The new report also reveals some important differences per state in fertility rates.
Overall, the total fertility rate for the United States in 2017 was 1765.5 per 1,000 women, which was 16% lower than what is considered the level a population needs to replace itself: 2100 births per 1,000 women, the report.
The researchers found that South Dakota, at a rate of 2,227.5, and Utah, at a rate of 2,120.5, were the only states with a total fertility rate above the replacement level in 2017.
The report also showed differences in total fertility rates per breed: in non-Spanish white women, none of the states had a fertility rate above the replacement level; 12 states among non-Spanish black women; and 29 states among the Spanish women.
For non-Hispanic white women, the highest total fertility rate in Utah was 2,099.5 and the lowest in the Columbia District was 1,012.
Among non-Hispanic black women, the highest total fertility rate in Maine was at 4,003.5, and the lowest in Wyoming, at 1,146.
For Spanish women, the highest fertility rate in Alabama was at 3,085, and lowest in Vermont, at 1,200.5, and Maine, at 1,281.5.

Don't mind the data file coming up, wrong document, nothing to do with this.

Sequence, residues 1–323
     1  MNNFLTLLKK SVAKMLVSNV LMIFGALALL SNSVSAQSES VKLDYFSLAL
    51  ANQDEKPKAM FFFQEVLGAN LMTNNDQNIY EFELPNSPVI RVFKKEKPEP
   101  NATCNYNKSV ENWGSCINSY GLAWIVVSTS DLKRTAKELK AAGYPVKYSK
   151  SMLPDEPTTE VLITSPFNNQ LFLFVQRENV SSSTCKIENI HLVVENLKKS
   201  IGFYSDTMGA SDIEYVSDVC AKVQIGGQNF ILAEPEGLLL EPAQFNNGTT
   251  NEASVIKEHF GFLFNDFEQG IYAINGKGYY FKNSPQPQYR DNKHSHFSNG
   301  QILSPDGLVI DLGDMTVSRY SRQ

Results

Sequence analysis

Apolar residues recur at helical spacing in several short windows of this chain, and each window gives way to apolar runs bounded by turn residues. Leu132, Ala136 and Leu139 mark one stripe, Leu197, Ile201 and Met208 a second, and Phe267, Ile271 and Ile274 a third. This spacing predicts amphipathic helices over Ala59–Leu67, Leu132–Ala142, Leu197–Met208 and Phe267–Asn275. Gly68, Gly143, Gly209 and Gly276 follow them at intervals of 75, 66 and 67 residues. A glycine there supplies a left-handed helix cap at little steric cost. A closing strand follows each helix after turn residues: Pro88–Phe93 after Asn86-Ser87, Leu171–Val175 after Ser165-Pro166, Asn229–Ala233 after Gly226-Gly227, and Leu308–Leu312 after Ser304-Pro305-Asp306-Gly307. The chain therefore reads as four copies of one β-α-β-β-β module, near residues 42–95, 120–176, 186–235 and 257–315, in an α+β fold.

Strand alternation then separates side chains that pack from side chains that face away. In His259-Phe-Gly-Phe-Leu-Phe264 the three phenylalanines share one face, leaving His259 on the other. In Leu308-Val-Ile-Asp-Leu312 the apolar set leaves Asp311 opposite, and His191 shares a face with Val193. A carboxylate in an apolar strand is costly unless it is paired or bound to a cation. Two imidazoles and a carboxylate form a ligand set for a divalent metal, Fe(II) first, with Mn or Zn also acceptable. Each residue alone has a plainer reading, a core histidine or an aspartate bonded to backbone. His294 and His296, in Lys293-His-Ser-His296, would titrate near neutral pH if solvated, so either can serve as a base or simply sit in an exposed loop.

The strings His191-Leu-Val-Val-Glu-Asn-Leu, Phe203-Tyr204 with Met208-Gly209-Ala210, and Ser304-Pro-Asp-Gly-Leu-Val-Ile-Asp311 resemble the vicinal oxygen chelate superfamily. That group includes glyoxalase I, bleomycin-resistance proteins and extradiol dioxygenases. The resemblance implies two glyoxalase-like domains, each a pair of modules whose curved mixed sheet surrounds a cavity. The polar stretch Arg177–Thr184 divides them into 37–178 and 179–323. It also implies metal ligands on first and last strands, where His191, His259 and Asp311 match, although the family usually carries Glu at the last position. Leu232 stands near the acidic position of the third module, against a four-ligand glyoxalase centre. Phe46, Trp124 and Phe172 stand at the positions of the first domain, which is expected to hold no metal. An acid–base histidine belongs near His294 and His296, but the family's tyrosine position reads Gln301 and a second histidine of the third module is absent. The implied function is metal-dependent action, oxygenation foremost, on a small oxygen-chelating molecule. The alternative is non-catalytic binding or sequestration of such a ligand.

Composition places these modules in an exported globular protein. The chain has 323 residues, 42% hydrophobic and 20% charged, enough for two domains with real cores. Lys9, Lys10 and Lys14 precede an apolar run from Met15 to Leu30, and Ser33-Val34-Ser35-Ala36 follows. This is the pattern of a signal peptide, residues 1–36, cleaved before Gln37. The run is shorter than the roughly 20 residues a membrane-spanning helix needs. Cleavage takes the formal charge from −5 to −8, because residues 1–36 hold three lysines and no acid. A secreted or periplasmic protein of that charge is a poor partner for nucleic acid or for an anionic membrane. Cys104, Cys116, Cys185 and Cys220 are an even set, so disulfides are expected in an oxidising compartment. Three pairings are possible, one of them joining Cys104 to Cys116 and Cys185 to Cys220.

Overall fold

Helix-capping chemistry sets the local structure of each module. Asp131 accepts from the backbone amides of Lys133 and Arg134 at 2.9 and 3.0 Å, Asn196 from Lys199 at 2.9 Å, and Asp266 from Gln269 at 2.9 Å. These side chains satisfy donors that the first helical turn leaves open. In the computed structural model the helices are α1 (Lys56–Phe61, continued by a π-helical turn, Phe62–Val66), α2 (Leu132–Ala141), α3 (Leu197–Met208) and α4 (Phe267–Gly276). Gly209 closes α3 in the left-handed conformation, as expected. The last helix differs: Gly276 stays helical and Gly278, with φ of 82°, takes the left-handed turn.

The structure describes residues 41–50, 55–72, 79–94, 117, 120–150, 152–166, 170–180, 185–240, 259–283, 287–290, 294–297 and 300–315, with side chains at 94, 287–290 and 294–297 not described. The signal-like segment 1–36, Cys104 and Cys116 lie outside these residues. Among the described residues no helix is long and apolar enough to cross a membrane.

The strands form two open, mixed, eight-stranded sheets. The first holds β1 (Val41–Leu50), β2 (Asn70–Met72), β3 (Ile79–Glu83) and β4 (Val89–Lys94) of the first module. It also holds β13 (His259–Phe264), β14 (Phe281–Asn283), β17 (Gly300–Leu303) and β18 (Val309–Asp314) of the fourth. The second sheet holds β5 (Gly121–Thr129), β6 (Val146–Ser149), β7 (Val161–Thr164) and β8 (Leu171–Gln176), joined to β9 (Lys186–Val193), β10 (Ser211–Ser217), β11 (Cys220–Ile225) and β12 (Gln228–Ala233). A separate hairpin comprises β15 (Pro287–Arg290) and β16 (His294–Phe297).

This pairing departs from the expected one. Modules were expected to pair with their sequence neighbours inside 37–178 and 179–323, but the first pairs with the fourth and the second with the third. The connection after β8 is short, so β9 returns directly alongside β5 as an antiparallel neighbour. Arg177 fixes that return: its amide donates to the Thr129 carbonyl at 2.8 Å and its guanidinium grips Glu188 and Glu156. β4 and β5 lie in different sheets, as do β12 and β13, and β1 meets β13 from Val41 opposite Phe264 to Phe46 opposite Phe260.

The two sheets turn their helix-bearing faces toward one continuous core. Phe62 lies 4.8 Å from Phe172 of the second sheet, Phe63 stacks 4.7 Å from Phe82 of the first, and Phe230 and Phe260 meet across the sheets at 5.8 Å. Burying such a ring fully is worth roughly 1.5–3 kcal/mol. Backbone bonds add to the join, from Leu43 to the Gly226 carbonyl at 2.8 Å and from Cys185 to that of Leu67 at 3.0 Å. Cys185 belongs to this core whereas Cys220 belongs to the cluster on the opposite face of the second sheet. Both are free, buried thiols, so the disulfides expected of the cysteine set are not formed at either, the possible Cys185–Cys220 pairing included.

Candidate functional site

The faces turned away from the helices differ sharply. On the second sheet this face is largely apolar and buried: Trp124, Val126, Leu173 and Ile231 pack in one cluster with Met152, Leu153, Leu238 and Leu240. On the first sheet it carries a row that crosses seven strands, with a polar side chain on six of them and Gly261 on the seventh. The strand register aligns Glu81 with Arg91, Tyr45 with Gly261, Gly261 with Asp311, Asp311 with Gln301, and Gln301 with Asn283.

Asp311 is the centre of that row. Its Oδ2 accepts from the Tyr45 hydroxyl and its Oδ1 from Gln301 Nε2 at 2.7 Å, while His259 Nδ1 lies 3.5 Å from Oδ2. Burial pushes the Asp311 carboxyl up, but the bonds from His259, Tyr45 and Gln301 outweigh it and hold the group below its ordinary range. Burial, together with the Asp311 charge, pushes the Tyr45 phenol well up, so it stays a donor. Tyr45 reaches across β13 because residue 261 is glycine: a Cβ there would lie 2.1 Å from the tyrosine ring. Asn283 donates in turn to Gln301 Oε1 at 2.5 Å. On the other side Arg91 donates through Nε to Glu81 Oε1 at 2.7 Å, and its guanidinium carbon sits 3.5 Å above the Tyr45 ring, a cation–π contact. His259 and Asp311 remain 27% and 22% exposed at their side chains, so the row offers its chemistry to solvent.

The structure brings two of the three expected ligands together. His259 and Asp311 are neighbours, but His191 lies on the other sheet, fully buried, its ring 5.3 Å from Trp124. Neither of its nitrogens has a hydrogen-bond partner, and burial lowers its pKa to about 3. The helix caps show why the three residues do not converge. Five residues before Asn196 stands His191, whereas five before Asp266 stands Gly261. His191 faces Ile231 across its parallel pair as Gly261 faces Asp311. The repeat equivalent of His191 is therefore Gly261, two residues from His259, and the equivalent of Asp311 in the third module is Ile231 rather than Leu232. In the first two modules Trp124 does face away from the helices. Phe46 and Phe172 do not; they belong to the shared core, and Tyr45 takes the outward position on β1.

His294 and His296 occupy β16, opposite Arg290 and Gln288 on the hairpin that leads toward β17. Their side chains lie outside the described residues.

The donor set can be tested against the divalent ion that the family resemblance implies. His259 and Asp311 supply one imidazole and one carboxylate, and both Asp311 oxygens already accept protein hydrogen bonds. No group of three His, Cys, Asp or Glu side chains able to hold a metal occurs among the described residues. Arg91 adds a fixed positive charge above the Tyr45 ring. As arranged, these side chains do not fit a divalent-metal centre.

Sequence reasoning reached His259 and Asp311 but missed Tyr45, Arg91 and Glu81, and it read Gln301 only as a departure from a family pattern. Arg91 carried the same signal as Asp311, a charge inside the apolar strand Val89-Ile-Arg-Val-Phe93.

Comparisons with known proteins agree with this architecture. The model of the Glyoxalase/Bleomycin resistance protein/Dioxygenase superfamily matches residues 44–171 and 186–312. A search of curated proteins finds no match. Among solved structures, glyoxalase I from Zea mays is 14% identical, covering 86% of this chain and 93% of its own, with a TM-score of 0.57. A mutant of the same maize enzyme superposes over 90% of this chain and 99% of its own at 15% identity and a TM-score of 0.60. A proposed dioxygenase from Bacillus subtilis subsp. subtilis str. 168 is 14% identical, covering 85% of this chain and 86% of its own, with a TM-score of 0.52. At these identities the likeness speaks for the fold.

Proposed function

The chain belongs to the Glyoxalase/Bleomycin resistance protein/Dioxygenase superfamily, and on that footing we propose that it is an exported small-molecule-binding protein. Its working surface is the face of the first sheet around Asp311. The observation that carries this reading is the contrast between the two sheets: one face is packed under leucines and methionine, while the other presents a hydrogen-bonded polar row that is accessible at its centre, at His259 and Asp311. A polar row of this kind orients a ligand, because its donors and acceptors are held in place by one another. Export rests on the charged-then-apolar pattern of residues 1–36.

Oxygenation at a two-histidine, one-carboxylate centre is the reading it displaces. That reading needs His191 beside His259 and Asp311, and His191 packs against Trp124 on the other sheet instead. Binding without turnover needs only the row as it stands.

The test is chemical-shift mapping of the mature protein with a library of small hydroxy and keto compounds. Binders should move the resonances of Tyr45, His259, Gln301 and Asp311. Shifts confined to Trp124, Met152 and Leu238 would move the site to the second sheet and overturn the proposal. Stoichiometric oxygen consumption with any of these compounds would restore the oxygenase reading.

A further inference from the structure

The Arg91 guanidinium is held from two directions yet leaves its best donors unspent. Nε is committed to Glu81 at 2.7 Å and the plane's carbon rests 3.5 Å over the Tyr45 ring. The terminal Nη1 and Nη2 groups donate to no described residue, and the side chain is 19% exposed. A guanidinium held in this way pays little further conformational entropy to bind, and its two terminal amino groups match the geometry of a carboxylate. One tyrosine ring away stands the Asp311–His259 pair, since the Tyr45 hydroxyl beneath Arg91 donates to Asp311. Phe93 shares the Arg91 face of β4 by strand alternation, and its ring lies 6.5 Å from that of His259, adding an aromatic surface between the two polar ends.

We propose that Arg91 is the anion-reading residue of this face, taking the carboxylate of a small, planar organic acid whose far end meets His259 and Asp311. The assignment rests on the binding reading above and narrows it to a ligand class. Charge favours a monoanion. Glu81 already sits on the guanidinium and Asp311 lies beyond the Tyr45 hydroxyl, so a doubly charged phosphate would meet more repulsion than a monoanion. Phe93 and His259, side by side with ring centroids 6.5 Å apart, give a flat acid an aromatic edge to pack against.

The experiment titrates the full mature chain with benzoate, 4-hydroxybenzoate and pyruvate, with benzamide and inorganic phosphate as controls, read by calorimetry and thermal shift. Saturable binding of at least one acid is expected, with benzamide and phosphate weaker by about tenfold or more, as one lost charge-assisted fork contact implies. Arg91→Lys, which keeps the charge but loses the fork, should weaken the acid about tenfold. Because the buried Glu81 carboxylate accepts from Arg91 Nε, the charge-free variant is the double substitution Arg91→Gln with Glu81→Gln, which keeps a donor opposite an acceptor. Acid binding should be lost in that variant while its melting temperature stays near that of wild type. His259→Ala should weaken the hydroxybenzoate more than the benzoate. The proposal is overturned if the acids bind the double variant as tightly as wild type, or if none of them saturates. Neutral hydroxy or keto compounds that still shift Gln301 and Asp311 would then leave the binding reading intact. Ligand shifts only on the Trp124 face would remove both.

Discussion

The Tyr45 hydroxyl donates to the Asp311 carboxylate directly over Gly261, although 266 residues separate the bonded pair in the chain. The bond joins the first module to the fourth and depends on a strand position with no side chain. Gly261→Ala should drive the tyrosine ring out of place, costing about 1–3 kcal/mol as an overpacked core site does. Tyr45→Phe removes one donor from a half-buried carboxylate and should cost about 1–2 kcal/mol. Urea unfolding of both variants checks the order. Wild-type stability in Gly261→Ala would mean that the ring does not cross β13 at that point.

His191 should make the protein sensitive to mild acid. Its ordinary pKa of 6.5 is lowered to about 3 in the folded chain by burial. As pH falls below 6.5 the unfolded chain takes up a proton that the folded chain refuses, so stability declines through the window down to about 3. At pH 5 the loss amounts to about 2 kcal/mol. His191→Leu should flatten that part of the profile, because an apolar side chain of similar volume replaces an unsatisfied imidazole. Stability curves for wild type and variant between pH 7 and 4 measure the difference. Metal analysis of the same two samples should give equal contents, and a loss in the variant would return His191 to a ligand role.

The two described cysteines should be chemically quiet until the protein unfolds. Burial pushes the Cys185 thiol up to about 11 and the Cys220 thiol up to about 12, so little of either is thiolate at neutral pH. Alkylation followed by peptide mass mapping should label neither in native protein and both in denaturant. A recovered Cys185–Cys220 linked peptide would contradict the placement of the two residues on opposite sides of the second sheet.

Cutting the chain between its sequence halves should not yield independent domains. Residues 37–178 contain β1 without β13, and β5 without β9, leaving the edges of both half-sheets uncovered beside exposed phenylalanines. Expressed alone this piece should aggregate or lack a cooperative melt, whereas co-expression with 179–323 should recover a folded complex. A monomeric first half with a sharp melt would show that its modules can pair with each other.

The report had some limitations, including that for some groups of women the number of births used as a basis for calculating the total fertility rate was small.
But generally speaking, although nearly all states have a total fertility rate indicating that their total population will increase as a result of births, these results show that there are differences in fertility patterns in states between groups according to race and Spanish origin, " the researchers wrote in the report.
Earlier research has shown that the US birth rate in 2017 is a record low & # 39; showed, when the number of births nationwide was the lowest in three decades.
& # 39; There is concern & # 39;
"We have seen fertility rates drop and I think it has a lot to do with women and men, especially couples, who have much more control over their reproductive life," Benjamin said.
When we consider the rates over longer periods, remember that we come from a peak in the baby boom generation, so it is also kept up to date by the very high baby boom we had after the Second World War, and so you are really going to reductions of that look at it, "Benjamin said.
"I think that care – and there is a concern – is a fertility rate that does not allow us to perpetuate our society," he said. "But we can sometimes turn around or turn around after a while, but that remains to be seen."